June 2 (Bloomberg) -- The pound weakened for a third day against the euro amid speculation that slowing U.K. economic growth will deter the nation’s central bank from raising interest rates.
Sterling reached its weakest level since May 6 versus the 17-nation currency as investors pared bets on higher borrowing costs after Bank of England Markets Director Paul Fisher told the Daily Mail he would consider adding to its asset purchases. A gauge of U.K. building activity based on a survey of purchasing managers showed civil engineering shrank for the first time in five months as the government cut spending.
“The comments by Fisher add to the negative sentiment toward the pound,” said Peter Frank, a currency strategist at Societe Generale SA in London. “It’s one of several negatives out there. Even marginal weakness within data sets is enough to trigger negative sentiment.”
The pound weakened 0.7 percent to 88.34 pence per euro as of 4:52 p.m. in London after reaching 88.54 pence. It dropped more than 1 percent versus the South African rand and 0.9 percent against the Norwegian krone. It was little changed at $1.6322.
The pound has slid 3 percent against the euro this year as Bank of England officials grapple with signs of deteriorating economic growth and inflation that accelerated to 4.5 percent in April, the fastest since 2008. The European Central Bank raised borrowing costs for the euro area in April even as the region struggles to contain the sovereign debt crisis that saw Portugal join Greece and Ireland in requesting a financial bailout from the European Union and International Monetary Fund.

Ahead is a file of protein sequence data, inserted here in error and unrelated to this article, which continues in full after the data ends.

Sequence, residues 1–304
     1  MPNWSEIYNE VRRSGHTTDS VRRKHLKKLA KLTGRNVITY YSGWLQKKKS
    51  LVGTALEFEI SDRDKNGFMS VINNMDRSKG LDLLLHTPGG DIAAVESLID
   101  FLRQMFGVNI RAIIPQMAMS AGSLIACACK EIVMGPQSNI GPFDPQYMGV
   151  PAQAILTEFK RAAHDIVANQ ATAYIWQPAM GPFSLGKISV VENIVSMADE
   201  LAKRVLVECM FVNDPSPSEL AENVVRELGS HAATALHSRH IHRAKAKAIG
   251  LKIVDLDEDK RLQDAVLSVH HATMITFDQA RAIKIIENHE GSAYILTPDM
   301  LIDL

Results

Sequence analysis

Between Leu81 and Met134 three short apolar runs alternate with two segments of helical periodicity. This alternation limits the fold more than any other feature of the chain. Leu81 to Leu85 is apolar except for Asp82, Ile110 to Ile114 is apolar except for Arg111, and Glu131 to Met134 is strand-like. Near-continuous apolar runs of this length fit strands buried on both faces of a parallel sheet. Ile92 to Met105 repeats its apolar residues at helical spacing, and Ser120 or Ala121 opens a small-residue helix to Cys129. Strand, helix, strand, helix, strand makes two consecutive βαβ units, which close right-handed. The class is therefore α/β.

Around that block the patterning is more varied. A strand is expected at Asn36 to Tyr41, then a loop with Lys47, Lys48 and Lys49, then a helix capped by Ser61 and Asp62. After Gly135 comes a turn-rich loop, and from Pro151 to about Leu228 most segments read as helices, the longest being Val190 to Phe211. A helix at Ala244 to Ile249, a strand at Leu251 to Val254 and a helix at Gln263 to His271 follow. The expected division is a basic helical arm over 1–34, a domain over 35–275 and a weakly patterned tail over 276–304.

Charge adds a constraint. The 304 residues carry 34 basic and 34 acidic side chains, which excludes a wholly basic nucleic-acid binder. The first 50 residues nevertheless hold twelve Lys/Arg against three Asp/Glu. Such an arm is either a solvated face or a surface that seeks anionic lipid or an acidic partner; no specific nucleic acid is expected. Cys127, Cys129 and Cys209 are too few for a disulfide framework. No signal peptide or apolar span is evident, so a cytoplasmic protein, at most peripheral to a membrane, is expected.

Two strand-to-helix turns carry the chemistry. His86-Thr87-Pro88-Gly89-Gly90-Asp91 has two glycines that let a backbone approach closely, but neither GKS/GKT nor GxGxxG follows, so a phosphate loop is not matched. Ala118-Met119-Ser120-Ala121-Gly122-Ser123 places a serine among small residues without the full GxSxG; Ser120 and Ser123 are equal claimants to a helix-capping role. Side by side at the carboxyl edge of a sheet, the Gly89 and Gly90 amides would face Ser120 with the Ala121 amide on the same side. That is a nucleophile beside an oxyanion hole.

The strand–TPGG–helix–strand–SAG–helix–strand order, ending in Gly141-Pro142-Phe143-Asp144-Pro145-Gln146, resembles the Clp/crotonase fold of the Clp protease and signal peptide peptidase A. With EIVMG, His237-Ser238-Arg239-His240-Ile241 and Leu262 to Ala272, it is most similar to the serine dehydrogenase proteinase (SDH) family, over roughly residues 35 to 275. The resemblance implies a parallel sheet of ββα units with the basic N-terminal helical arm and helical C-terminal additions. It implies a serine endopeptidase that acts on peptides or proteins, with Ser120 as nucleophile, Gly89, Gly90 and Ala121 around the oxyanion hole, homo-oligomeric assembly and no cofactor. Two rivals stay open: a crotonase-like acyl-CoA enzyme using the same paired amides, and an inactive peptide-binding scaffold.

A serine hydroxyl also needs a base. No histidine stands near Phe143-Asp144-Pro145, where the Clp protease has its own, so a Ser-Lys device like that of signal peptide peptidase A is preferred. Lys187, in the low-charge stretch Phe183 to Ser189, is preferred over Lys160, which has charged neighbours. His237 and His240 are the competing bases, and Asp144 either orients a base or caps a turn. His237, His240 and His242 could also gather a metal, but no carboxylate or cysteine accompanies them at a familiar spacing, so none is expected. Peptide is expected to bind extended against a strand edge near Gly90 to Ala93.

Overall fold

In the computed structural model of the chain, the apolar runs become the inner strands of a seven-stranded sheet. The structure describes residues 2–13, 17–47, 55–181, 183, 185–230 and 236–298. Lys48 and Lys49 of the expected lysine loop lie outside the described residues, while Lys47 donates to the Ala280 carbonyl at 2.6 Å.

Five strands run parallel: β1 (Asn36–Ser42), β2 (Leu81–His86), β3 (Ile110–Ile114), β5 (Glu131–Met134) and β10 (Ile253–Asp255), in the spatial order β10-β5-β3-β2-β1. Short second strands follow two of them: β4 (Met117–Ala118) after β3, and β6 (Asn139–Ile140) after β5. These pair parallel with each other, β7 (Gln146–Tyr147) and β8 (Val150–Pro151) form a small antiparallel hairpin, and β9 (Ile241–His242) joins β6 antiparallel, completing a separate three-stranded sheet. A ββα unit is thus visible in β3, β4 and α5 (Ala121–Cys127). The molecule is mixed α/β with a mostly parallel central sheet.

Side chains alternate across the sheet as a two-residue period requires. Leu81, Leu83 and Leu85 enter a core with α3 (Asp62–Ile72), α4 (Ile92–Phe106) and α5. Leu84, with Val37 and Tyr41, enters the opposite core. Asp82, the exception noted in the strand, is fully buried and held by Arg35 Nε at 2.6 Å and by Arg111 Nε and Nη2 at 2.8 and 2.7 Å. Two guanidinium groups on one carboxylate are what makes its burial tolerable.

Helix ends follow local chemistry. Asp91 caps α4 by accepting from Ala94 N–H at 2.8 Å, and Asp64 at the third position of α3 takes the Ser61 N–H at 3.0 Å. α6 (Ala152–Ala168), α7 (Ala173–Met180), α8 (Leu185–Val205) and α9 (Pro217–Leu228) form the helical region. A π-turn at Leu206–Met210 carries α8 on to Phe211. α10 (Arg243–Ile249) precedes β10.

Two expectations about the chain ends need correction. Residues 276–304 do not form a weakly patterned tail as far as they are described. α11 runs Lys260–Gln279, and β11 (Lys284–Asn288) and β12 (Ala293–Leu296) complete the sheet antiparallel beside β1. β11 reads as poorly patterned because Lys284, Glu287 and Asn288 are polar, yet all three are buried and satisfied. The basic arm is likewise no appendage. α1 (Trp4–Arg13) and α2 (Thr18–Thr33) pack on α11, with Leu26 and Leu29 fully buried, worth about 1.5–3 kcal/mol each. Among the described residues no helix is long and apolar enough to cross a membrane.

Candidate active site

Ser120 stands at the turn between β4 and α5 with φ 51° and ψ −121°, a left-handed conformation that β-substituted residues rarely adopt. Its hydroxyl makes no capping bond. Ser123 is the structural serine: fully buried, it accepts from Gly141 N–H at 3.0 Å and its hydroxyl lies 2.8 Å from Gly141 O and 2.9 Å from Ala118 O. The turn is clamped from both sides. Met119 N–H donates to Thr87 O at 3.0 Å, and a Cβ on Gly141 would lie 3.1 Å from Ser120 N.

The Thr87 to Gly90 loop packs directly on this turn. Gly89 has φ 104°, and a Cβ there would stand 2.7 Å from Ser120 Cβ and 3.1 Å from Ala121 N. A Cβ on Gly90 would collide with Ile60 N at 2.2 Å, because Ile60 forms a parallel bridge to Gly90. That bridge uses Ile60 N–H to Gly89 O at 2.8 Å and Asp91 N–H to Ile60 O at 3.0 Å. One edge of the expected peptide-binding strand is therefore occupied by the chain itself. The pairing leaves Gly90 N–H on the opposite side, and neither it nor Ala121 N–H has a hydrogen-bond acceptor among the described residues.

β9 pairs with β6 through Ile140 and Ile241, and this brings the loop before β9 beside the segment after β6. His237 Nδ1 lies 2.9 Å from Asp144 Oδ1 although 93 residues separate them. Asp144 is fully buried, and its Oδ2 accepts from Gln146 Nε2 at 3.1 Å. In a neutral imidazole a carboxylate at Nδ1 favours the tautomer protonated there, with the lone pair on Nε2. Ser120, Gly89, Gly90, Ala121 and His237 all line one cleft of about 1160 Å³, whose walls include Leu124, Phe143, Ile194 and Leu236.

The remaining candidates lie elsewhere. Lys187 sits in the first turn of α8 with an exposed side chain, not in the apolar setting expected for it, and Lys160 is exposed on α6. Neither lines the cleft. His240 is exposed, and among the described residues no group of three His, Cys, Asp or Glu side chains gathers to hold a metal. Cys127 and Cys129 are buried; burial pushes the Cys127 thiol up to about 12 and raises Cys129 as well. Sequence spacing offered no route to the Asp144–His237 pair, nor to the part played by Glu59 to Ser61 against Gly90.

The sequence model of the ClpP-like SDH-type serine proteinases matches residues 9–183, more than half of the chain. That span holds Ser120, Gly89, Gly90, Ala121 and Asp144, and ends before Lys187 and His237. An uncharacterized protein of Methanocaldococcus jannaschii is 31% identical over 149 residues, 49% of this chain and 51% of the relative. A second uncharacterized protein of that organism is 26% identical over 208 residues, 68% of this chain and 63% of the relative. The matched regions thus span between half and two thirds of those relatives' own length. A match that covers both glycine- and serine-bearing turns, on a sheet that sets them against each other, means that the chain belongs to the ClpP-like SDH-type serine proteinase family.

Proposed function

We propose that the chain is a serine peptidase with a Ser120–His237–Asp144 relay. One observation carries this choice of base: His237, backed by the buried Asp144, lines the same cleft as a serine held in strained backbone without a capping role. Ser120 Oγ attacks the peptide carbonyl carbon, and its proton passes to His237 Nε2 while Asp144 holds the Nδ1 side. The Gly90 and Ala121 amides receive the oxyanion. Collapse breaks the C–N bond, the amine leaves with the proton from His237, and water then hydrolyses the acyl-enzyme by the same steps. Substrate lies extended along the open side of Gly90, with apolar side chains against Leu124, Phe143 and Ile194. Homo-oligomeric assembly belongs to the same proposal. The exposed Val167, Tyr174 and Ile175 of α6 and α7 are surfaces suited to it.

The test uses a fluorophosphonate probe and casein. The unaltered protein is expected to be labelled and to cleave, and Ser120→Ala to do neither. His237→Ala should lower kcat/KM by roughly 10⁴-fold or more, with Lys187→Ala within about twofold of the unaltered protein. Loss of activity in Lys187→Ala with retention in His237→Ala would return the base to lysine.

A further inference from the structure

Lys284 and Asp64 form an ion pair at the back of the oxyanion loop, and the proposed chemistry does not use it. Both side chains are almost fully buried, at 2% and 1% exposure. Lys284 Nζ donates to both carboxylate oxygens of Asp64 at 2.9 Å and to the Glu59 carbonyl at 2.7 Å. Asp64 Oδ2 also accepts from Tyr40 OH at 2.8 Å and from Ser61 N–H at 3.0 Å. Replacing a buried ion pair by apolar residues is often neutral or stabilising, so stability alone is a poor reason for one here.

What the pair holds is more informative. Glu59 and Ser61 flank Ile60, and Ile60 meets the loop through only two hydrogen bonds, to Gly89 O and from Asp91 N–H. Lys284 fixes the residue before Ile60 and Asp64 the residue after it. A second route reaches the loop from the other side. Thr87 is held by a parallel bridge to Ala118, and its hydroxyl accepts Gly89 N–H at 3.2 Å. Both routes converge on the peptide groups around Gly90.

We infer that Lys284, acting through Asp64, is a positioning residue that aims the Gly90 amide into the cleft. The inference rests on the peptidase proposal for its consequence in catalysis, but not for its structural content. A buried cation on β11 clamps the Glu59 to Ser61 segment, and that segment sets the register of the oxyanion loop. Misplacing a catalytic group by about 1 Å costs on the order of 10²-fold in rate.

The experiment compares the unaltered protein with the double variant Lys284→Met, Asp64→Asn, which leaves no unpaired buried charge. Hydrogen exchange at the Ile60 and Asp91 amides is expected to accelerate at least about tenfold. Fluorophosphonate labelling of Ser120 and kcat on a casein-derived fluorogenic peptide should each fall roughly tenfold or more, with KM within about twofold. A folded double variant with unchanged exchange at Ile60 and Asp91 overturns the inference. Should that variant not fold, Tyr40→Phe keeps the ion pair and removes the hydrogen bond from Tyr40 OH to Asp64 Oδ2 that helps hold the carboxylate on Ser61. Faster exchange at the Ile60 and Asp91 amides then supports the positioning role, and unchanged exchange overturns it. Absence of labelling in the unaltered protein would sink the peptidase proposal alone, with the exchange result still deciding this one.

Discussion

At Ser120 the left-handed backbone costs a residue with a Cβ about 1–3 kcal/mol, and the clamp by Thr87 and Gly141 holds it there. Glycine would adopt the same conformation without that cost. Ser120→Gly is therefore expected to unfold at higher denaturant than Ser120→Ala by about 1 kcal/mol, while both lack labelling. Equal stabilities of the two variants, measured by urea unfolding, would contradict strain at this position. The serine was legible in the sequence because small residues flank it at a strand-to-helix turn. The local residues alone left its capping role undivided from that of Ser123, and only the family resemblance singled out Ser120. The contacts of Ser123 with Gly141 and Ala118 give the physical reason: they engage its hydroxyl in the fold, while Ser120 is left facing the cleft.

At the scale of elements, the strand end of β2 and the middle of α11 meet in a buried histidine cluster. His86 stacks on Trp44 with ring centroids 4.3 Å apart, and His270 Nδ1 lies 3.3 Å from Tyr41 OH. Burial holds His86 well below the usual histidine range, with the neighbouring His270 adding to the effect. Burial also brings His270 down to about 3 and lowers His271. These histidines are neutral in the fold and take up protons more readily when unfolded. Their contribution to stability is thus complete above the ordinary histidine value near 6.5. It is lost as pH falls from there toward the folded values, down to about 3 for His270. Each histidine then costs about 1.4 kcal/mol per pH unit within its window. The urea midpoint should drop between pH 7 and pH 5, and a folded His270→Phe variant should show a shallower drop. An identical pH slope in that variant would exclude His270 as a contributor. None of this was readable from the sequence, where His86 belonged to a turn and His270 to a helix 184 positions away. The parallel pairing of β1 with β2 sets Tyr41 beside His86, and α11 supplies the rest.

Two-year note yields reached the least since November and short-sterling futures contracts rose today after Fisher said he would consider further central bank asset purchases if the economy “did take a sudden downturn,” according to the Mail. He remains “somewhat reluctant” since the threat of deflation subsided, the newspaper said.
“We are heading for a slowdown of the economy,” said Matteo Regesta, a senior interest-rate strategist at BNP Paribas SA in London. “It’s no wonder that people go for the safe-haven assets. Monetary Policy Committee members like Fisher have made clear they see more risk in terms of growth than second-round inflation effects.”
While a gauge of building activity based on a survey of purchasing managers increased to 54 from 53.3 in April, the index remained below its average for the first quarter, Markit Economics Ltd. and the Chartered Institute of Purchasing and Supply said today.
Reports yesterday showed a manufacturing index fell to a 20-month low and U.K. mortgage approvals dropped to the least in four months. Services growth also slowed in May, according to the median of 26 economist estimates before tomorrow’s purchasing-managers index report.
The implied yield on the short-sterling futures contract expiring in June 2012 dropped five basis points to 1.28 percent, as investors cut bets on higher central bank interest rates.
The two-year note yield was one basis point lower at 0.88 percent, after falling to 0.85 percent, the lowest since November. The 10-year gilt yield was little changed at 3.25 percent. It pared an earlier advance after demand waned at an auction of 3.5 billion pounds of 2021 bonds.
Investors bid for 1.6 times the amount of gilts on offer at today’s sale, less than the 1.72 bid-to-cover ratio the last time the U.K. sold the securities on April 5. At 3.415 percent, the yield was lower than the previous sale’s 3.878 percent. The average yield in the past three sales of 10-year debt is 3.808 percent, while the average bid-to-cover ratio is 1.93.
Gilts have returned 2.8 percent this year, according to indexes compiled by Bloomberg and the European Federation of Financial Analysts Societies, outperforming German bunds, which earned 0.2 percent. U.S. Treasuries have handed investors 3.2 percent in 2011.
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